2017 is set to be a landmark year for the sheer number of US Border searches of electronic devices. Data released from the Department of Homeland Security has recently shown that searches of mobile phones alone grew from 5000 in 2015, to 25,000 in 2016.
In February 2017 alone, 5000 devices were searched according to NBC news. Attending those numbers is a string of reports of inbound travellers having their laptops, tablets and cellphones seized and searched with border agents requesting their passwords.
The US government are now being sued to figure out why. The Columbia University legal organisation the Knight First Amendment Institute filed the lawsuit in an attempt to find out why US border agents are increasingly seizing and searching traveller's laptops, computers and mobile devices.
The Institute wants to get its hands on internal Department of Homeland Defence (DHS) directives authorising such searches.
Alex Abdo, senior staff attorney, Knight First Amendment Institute at Columbia University told SC that, “These searches are an affront to our rights to privacy and free speech. You shouldn't be subjected to a digital strip-search simply for crossing the US border. The extraordinary discretion the government claims will be abused, and it will inevitably chill free inquiry and expression.”
One theory holds that the US Constitution does not apply at the border. Specifically, the fourth amendment or “the right of the people to be secure in their persons, houses, papers, and effects, against unreasonable searches and seizures.”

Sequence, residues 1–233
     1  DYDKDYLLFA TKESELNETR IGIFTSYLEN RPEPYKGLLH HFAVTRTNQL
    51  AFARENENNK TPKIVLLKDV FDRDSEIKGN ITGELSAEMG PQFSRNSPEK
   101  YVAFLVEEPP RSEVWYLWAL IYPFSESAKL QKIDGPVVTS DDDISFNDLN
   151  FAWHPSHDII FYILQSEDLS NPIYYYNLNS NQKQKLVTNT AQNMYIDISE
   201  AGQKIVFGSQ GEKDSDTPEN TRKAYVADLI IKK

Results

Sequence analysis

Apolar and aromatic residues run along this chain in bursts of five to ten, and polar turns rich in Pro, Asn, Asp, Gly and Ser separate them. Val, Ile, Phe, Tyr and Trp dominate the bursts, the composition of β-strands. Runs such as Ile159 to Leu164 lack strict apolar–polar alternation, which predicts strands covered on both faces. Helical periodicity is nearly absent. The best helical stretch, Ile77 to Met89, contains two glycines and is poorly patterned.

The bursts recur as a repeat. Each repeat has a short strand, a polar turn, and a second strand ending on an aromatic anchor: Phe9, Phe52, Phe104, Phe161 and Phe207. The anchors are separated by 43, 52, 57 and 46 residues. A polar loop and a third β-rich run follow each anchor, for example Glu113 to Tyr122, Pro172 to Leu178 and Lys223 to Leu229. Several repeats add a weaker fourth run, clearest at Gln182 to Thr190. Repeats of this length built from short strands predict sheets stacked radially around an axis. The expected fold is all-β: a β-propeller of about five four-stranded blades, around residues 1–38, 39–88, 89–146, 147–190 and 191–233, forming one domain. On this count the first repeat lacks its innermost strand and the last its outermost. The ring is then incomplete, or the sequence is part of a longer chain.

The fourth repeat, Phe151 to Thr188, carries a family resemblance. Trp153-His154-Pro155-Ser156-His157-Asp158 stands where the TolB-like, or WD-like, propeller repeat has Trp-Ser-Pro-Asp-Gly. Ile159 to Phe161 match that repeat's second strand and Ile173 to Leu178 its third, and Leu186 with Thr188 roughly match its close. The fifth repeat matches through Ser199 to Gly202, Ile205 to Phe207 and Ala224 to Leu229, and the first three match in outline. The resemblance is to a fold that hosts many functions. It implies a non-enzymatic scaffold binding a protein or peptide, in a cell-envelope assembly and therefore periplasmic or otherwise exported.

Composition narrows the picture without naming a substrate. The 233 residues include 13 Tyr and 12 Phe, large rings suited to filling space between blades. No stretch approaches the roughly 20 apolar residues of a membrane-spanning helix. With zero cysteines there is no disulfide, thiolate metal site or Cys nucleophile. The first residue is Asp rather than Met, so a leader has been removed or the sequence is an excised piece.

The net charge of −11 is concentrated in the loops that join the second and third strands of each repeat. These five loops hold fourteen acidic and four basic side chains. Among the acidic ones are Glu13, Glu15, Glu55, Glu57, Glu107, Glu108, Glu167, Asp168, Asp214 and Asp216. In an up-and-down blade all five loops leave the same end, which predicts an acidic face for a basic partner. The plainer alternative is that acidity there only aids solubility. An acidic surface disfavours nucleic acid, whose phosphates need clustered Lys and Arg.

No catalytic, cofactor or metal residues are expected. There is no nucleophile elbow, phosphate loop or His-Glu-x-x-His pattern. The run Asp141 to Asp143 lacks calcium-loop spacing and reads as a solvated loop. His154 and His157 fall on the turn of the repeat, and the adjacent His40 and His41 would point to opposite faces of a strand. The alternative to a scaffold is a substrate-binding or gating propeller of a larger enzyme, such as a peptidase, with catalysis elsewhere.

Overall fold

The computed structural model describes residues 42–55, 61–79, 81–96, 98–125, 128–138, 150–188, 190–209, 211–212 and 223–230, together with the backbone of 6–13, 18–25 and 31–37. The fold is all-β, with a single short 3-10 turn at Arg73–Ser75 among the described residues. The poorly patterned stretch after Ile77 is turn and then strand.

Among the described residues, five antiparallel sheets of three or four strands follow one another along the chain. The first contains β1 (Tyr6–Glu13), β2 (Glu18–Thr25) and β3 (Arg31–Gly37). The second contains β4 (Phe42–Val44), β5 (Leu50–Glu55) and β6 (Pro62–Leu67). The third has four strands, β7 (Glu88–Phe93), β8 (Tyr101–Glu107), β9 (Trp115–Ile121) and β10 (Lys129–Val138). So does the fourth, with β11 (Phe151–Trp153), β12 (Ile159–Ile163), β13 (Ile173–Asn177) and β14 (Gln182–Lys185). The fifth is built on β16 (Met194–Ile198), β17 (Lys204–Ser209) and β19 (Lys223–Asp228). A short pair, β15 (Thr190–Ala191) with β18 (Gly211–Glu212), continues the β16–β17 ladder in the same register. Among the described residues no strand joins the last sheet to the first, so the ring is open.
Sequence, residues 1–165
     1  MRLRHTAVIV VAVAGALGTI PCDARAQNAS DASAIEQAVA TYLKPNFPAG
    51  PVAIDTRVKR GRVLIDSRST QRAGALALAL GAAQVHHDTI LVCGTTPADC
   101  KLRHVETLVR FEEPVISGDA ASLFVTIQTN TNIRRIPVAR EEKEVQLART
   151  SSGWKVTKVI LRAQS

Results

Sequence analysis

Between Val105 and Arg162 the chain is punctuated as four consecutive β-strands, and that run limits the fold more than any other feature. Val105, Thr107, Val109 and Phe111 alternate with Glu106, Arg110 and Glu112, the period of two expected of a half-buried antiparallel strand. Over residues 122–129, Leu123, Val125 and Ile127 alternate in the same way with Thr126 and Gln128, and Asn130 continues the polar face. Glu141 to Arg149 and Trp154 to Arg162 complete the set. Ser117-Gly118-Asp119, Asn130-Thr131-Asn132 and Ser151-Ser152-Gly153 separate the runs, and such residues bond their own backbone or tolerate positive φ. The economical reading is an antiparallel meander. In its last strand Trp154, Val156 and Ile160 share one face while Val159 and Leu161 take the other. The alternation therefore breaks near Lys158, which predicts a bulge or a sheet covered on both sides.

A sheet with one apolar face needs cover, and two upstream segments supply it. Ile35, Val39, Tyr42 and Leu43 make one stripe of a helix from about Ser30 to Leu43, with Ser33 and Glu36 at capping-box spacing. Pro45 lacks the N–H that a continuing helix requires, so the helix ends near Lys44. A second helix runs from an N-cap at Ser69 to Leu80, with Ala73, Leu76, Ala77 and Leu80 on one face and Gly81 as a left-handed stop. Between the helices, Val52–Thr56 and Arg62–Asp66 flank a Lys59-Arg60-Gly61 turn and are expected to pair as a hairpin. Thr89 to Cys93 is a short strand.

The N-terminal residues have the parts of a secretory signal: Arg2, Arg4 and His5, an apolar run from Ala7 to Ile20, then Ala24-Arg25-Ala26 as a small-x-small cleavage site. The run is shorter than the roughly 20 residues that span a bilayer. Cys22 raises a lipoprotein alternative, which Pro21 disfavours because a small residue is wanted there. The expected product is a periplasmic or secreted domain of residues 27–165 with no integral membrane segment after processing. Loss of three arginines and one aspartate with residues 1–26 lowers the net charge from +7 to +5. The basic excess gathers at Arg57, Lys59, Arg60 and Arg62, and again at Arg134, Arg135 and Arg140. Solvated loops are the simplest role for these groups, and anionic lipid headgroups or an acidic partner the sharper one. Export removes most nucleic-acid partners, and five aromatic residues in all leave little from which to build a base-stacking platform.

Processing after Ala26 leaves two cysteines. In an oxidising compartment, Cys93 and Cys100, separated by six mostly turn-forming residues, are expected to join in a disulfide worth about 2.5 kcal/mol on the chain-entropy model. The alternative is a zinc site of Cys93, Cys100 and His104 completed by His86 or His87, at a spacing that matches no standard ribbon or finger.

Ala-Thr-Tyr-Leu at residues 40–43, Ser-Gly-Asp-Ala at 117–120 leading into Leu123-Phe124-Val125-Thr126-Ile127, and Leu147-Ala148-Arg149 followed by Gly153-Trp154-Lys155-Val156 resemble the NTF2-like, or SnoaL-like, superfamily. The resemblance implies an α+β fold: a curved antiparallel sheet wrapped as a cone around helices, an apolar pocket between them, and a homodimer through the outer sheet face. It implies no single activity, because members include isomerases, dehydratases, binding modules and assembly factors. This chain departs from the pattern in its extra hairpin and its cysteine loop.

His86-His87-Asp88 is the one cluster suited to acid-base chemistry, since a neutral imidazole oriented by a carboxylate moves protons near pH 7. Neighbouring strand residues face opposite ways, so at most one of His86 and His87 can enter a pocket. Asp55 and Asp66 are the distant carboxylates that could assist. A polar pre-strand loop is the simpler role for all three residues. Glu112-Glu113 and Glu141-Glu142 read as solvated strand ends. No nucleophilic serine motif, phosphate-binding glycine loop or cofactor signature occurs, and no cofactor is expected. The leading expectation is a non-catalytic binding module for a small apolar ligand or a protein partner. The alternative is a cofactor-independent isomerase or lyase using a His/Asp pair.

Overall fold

While the current administration in the US has made a fine point on strengthening border protections and rolling back privacy regulation, this trend began under previous administrations.
The US government claims the authority to carry out such searches on the basis of two directives issued in 2009 to the US Customs and Border Protection and the US Immigration and Customs Enforcement authority.
However, sources told NBC news that the recent political climate, compounded with a variety of domestic terror attack over the last couple of years have encouraged law enforcement officers to intensify efforts. "The shackles are off," Hugh Handeyside, a staff attorney with the ACLU's National Security Project told NBC.
Recent executive orders from the Trump administration, have attempted to relieve foreigners and non-native residents of protections under the US privacy act in an attempt to bolster border security. Talk of “extreme vetting” has characterised much of Donald Trump's rhetoric around immigration and a series of data protection regulations have been rolled back in the last month.John Kelly, the current director of DHS has also stated his desire to Congress to require passwords from VISA applicants. He told the House Homeland Security Committee: “We want to get on their social media with passwords – what do you do, what do you say. If they don't want to cooperate then they don't come in. If they truly want to come to America they'll cooperate, if not then ‘next in line'.”